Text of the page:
NOTHING TO FEAR BUT GEARS THEMSELVES: Young Hugo hangs on for dear life in Martin Scorsese's new film.

IT MAY BE Tim Burton, and not Martin Scorsese, who is the most trendsetting filmmaker of the last 20 years. For Hugo, Scorsese worked with Burton scriptwriter John Logan, Sweeney Todd production designer Dante Ferretti and a few of Burton's past and future stars. Scorsese's new film seems like natural material for Burton, even unto the animated scenes of meshing gears and machinery zoomed through in a particularly exciting 3-D.

And yet there's something bewitchingly different to Hugo. Scorsese's gamble is that he can infect children with his own raging case of cinephilia. It just might work. In a beaux-arts composite of the Quai d'Orsay and Gare St. Lazare train stations in Paris, an orphan lives in the garret, tending the many clocks there. In his spare time, Hugo (Asa Butterfield) is repairing a robotlike clockwork automaton with a pensive face; it's the only inheritance he has from his real father.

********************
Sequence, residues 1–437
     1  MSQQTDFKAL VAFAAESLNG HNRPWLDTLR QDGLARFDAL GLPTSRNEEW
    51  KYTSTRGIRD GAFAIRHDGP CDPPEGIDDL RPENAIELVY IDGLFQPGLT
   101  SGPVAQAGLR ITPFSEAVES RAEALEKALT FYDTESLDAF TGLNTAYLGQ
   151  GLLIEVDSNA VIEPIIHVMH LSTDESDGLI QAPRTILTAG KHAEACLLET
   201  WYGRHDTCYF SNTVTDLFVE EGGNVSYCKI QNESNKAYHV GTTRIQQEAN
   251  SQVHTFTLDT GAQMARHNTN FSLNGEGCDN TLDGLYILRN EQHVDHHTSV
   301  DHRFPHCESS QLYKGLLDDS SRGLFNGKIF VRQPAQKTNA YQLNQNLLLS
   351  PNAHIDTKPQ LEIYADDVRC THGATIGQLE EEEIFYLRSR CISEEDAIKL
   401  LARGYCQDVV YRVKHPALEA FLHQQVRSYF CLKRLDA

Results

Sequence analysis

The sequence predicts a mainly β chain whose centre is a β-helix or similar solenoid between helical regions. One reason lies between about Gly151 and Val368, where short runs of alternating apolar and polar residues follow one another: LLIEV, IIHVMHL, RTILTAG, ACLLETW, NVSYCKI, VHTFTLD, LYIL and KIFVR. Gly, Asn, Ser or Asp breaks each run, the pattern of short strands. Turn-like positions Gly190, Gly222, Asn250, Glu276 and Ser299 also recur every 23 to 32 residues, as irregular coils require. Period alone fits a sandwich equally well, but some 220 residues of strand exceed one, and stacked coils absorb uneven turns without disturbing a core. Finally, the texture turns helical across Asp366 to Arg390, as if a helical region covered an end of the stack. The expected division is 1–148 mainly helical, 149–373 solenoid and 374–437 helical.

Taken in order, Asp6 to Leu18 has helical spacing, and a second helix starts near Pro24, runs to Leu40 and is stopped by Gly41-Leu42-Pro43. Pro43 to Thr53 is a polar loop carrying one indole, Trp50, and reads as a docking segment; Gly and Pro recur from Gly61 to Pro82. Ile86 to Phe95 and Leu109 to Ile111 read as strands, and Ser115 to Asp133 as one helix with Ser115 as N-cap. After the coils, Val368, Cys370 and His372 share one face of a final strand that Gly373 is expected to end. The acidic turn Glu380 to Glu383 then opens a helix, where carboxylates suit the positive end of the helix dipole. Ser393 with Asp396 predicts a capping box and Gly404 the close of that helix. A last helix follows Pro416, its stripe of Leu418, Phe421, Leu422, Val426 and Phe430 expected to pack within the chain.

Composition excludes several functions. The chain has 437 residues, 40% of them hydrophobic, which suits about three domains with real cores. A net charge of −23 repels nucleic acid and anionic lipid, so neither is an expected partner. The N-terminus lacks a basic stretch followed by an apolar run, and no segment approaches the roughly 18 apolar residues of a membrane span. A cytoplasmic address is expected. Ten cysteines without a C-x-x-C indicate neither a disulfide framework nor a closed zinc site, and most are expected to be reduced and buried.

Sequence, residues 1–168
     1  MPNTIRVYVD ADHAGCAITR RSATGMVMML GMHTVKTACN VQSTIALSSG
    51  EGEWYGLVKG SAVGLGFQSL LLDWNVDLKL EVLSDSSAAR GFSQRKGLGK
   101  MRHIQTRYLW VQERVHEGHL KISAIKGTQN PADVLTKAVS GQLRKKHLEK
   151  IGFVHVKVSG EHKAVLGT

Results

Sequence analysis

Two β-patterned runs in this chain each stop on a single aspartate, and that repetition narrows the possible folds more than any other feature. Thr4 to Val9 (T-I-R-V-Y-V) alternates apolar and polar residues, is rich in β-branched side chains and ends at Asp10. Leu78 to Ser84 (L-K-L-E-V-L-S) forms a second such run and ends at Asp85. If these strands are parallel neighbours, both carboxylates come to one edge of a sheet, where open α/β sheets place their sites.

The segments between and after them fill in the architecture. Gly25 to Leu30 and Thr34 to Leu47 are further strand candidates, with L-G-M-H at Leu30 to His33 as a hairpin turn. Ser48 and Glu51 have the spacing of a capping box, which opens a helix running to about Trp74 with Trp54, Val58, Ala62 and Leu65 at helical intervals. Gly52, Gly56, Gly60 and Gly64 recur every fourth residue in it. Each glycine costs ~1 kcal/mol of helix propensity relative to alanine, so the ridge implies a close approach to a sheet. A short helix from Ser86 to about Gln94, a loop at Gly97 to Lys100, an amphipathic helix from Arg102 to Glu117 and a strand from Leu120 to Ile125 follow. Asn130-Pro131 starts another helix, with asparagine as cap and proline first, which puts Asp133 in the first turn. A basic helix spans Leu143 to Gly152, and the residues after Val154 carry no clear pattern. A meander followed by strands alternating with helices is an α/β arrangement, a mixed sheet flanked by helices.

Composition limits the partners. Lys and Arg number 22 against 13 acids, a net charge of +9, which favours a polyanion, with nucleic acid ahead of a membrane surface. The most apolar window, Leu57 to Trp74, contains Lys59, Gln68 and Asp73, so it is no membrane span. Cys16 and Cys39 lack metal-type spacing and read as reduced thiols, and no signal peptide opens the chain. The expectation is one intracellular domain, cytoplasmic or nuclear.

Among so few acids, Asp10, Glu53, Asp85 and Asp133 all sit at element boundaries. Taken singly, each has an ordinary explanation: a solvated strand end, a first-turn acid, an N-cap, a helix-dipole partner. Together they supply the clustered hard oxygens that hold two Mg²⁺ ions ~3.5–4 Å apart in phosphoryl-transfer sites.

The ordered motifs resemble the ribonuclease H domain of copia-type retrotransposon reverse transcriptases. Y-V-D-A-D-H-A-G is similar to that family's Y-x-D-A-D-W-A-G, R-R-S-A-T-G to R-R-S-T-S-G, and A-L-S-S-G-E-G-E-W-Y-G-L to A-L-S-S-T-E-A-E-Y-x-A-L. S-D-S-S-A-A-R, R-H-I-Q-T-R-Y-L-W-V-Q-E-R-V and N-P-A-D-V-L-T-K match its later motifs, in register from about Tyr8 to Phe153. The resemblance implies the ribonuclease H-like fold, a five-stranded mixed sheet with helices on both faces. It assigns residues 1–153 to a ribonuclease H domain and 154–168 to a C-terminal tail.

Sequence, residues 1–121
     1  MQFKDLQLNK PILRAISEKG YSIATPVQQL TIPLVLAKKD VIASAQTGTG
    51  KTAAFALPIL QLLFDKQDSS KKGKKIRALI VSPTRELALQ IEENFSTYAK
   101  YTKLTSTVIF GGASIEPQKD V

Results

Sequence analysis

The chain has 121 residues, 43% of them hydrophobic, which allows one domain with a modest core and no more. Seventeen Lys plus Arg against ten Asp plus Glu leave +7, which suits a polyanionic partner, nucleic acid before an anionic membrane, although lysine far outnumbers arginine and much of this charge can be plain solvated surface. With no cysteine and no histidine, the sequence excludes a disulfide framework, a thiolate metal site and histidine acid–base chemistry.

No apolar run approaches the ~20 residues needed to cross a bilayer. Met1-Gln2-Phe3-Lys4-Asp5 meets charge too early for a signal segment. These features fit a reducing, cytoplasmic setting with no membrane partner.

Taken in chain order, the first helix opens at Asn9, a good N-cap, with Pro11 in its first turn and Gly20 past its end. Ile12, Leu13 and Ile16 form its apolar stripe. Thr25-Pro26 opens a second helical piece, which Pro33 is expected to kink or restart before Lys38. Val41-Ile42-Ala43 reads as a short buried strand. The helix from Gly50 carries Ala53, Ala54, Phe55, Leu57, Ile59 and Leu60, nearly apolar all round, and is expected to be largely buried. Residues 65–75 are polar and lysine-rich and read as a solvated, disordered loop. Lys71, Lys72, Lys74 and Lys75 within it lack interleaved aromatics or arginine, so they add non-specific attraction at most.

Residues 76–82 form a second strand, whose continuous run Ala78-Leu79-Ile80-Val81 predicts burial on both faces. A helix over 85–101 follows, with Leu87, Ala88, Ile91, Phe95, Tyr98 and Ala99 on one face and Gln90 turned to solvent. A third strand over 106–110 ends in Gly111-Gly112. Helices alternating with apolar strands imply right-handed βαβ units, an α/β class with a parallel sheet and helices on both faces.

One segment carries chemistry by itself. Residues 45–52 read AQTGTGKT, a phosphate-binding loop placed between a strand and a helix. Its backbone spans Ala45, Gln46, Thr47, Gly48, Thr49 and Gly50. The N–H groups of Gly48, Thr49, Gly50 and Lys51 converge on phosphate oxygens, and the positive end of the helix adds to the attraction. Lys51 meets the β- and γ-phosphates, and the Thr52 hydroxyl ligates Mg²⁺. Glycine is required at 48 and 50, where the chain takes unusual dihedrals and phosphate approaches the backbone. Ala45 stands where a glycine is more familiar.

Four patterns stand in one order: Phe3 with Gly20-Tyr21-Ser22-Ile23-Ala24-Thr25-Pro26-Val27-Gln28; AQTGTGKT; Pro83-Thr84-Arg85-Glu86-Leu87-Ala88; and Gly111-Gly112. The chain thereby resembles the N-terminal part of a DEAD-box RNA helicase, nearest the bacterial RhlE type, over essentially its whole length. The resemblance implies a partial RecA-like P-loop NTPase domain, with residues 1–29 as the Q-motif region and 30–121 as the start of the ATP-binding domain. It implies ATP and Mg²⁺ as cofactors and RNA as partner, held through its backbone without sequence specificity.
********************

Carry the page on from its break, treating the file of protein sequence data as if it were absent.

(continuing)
Down below, the crowded station is patrolled by a comically fierce gendarme (Sasha Baron Cohen; when a fugitive escapes him, he shouts, "Malediction!"). Another adversary for Hugo is a bearded elder man (Ben Kingsley), who tends a kiosk of toys and novelties. The old man's daughter is the bright young girl Isabelle—it's Chloe Grace Moretz, continuing her meteoric rise while looking so much like Helena Bonham Carter as to make more Burton comparisons inescapable. Isabelle holds (a little too literally) the key to the mystery.

Not everything in Hugo runs like, eh, clockwork, and yet it's an absolutely captivating film. Scorsese's use of 3-D (the film must be seen in that format) enhances the work of one of the pioneers of moviemaking, who may not be familiar to younger viewers: the French maestro of a century ago who invented cinematic special effects. Hugo shifts from a boy's search for family to the family one finds in the company of film watchers. And Scorsese's 3-D brings the power back of this mystery director's quaint and thrilling work.

The CGI expansion of Hugo's domain makes for a sumptuous set that you'd feel you could watch for the length of an entire film. To paraphrase Orson Welles on the set of Citizen Kane, this is the best train station a boy could want.


PG; 127 min.

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